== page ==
About the only thing that interests me about Super Bowl Sunday is helping you feed the football fans in your life. When we were a family of six I always made Zippy Beef-Olive Spread (in my cookbook) on Super Bowl Sunday and it remains a family favorite. In fact I eat it as a sandwich filling, on crackers, toast or even a baked potato. Just in case you’ve never made it here it is one more time.


1 teaspoon dry minced onion
1 tablespoon dry sherry
1 8-ounce package cream cheese (can be reduced-fat or fat-free or a combination of each)
2 tablespoons light mayonnaise
2 ½-ounce jar dried beef, finely snipped
¼ cup sliced pimento-stuffed olives

Soften minced onion in sherry. Blend cream cheese with mayonnaise and onion-sherry mixture. Stir in dried beef and sliced olives. Spread can also be made in a food processor.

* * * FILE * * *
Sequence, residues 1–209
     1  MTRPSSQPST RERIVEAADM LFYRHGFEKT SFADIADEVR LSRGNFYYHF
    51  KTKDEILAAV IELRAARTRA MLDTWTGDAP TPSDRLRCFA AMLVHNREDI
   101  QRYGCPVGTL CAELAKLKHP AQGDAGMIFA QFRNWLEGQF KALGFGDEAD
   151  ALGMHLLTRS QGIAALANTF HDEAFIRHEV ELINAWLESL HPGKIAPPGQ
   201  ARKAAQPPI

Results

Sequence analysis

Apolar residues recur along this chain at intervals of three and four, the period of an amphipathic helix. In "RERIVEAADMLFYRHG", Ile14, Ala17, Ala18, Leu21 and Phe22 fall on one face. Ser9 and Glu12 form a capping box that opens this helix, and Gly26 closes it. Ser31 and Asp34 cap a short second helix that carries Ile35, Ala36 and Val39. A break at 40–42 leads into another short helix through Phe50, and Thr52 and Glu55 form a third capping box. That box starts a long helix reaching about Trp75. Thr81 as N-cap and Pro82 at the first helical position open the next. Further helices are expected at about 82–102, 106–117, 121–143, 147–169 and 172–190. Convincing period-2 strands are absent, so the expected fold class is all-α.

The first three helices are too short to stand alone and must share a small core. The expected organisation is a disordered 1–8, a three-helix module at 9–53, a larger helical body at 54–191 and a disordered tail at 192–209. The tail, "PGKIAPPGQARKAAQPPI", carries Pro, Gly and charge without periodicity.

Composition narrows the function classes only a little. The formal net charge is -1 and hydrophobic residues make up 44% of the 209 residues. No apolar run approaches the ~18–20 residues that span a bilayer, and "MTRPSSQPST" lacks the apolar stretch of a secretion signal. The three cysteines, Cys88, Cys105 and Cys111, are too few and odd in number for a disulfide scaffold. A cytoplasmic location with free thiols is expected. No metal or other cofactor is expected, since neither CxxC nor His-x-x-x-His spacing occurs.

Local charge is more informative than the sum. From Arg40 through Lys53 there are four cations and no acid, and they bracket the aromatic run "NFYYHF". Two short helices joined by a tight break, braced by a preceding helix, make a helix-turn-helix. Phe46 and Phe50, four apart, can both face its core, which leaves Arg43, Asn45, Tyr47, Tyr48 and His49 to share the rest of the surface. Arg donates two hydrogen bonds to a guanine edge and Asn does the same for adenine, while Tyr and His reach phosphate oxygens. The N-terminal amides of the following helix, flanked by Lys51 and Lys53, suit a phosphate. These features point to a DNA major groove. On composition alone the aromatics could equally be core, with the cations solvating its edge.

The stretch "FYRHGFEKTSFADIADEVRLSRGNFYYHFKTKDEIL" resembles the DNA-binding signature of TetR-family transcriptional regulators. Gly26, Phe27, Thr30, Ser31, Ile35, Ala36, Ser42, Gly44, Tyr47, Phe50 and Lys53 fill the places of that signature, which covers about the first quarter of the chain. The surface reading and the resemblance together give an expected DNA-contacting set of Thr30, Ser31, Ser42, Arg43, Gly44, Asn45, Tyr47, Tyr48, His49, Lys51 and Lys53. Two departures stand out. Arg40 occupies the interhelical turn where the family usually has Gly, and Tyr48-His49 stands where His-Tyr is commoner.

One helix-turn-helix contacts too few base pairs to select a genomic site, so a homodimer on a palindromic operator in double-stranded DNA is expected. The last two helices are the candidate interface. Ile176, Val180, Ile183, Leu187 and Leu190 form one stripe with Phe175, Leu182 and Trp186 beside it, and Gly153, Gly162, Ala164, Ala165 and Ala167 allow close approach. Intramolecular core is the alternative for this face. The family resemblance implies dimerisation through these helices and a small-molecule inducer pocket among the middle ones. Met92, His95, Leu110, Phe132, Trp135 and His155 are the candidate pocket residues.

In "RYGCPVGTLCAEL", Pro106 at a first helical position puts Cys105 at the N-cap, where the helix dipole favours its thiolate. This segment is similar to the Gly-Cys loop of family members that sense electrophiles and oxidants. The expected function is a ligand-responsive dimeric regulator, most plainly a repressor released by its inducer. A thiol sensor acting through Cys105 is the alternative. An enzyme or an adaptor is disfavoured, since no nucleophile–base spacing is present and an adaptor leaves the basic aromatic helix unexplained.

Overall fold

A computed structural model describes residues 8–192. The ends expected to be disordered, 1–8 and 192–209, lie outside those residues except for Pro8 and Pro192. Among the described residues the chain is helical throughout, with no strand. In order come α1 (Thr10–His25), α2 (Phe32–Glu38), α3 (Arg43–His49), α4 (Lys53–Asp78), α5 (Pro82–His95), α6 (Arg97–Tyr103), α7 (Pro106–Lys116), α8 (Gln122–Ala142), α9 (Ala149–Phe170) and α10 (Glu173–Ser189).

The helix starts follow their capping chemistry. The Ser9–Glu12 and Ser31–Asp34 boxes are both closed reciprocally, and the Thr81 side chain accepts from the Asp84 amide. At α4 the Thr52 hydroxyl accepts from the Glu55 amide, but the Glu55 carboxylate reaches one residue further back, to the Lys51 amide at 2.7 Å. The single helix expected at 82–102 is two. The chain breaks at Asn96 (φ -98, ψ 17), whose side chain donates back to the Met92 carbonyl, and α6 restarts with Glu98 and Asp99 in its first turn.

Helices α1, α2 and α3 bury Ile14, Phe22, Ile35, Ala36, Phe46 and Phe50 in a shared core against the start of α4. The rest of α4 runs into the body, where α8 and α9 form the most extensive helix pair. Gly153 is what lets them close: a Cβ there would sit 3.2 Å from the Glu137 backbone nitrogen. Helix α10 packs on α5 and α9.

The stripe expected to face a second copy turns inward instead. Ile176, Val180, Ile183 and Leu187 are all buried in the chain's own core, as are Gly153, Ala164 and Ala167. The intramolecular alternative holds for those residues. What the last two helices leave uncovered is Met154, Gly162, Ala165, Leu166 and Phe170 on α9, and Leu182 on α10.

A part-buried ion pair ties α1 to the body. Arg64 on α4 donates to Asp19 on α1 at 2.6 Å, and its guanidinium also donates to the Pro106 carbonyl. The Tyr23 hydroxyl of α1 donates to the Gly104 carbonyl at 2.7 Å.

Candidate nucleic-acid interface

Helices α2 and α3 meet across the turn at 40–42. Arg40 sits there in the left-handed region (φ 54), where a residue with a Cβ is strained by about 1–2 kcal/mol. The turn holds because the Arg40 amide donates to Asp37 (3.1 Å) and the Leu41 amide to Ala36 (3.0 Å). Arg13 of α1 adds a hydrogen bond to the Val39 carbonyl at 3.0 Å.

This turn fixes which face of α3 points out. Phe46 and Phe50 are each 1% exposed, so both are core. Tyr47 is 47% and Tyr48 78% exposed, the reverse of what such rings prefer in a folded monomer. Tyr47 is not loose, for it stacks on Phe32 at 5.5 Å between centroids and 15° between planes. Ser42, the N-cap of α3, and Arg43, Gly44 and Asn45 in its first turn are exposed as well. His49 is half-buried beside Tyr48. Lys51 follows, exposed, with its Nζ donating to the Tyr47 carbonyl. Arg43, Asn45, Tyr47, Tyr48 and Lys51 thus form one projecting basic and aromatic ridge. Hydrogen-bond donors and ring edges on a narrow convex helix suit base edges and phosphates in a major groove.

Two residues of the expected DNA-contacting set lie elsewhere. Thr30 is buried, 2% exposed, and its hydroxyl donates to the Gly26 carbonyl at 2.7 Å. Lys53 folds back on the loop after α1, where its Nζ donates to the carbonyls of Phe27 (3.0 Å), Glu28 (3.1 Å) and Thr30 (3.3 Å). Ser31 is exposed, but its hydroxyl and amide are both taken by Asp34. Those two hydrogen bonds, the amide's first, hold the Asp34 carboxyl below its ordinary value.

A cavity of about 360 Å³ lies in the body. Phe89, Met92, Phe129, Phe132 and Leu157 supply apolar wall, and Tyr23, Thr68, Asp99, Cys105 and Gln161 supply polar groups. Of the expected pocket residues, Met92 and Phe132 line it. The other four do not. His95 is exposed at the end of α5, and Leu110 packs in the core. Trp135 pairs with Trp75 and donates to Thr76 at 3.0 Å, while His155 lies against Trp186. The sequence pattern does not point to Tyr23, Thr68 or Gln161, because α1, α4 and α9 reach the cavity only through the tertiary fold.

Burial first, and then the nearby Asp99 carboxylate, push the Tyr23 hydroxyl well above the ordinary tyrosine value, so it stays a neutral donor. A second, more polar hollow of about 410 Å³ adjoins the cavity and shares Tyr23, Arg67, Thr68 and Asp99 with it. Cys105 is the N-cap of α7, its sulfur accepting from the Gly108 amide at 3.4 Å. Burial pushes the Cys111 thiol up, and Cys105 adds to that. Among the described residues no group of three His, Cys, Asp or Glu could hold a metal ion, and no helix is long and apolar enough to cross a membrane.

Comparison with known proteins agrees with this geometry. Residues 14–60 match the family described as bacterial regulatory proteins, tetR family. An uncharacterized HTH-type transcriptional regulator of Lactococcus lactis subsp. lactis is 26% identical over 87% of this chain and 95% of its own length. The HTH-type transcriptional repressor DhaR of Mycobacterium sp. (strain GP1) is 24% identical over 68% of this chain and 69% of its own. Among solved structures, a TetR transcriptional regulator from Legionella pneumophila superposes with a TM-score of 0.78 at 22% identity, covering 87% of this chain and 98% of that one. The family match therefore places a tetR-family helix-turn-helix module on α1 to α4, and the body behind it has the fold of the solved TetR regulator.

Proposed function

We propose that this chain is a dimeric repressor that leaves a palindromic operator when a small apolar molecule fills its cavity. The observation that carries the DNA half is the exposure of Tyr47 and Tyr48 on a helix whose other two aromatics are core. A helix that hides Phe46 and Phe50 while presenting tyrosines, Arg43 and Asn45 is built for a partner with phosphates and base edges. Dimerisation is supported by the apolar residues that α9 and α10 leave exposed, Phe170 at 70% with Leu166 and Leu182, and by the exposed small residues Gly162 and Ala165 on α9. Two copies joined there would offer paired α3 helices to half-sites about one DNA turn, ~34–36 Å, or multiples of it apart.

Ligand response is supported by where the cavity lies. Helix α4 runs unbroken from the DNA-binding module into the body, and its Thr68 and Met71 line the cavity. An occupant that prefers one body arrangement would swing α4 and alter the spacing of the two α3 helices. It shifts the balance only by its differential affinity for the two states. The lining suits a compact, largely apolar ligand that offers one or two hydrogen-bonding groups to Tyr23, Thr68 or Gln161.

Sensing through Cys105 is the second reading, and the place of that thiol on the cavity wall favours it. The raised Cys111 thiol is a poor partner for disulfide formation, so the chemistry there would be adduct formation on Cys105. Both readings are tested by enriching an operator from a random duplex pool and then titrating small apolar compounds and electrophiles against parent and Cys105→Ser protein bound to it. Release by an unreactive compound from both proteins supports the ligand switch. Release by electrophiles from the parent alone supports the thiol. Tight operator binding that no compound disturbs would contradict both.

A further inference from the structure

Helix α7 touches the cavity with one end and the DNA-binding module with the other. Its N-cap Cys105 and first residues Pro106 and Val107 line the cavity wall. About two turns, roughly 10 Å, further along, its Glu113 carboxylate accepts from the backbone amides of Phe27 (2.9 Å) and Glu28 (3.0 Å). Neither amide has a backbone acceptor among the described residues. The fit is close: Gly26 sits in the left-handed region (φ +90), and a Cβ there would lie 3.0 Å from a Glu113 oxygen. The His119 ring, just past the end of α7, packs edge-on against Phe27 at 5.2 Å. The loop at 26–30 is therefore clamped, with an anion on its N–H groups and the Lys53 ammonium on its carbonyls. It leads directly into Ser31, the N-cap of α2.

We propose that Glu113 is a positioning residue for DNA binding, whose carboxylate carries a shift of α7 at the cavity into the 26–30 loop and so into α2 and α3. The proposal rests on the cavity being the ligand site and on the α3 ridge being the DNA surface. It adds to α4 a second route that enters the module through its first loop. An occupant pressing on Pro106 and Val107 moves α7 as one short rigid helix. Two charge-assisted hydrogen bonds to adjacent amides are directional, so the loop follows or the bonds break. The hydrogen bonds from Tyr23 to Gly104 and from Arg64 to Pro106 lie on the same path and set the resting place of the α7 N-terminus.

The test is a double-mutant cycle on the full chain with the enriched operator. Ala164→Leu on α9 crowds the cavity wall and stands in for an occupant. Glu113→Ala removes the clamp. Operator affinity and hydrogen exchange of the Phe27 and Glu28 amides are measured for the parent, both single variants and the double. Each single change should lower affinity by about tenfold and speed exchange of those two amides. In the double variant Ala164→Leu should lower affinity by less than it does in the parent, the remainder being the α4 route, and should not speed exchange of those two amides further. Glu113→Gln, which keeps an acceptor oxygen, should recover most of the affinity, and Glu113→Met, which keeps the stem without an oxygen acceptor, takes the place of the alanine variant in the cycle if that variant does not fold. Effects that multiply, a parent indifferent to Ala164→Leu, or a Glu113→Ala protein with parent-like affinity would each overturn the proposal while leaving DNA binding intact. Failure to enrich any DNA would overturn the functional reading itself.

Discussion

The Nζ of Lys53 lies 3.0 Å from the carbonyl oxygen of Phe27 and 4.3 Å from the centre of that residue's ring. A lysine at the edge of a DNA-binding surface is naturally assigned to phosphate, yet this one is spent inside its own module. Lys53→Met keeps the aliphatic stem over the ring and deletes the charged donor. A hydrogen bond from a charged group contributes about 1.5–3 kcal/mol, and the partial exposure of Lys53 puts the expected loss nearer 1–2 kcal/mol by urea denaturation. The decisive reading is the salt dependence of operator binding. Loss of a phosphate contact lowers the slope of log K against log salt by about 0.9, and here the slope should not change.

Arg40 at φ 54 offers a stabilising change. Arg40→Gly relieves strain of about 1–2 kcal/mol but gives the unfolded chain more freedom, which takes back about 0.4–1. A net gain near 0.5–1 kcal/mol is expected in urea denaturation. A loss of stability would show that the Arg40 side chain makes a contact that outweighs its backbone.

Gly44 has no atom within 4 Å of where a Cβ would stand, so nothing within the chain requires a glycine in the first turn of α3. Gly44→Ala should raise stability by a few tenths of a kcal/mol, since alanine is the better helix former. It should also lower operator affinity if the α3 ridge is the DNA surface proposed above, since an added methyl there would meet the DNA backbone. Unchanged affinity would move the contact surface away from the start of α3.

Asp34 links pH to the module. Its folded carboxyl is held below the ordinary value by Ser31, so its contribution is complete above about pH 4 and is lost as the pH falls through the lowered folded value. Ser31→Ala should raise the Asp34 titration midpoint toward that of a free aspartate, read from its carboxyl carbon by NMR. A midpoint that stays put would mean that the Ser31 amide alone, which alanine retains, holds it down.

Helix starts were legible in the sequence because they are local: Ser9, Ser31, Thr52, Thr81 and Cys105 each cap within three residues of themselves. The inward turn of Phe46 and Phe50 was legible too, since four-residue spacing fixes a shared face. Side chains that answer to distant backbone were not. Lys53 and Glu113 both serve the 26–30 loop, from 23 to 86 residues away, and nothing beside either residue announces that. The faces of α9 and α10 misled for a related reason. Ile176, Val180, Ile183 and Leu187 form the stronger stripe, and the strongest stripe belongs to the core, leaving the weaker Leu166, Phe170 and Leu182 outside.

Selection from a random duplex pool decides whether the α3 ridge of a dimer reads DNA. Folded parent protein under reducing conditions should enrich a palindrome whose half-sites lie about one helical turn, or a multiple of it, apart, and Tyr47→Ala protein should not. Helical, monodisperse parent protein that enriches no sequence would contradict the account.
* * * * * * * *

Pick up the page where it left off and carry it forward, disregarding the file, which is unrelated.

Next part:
Last year I was able to purchase the latest (8th) edition of Favorite Recipes of the Purdue University Residence Halls. Students living in the residence halls all four years are given a copy of the cookbook when they graduate. As students’ preferences, lifestyles and experiences change, so do the recipes. I had no complaints about the food I ate in the Purdue residence halls and Sunday meals were outstanding. But in the old days our main meal or dinner was served by waiters. Now it’s self-serve at most colleges and universities.
One of the student favorites in the 8th edition cookbook was Guacamole Layer Salad. It was tricky spreading sour cream over the guacamole dip and I even checked with Purdue to make sure they meant dip instead of commercial guacamole and they did mean dip (Chief and Rays carry Marzetti brand). I can tell you that tasters at the Bryan Chief loved it! The recipe said to assemble the ingredients on a platter but like my sister Ann’s recipe for Texas Taco Dip, I did it in a 9x13 glass baking dish.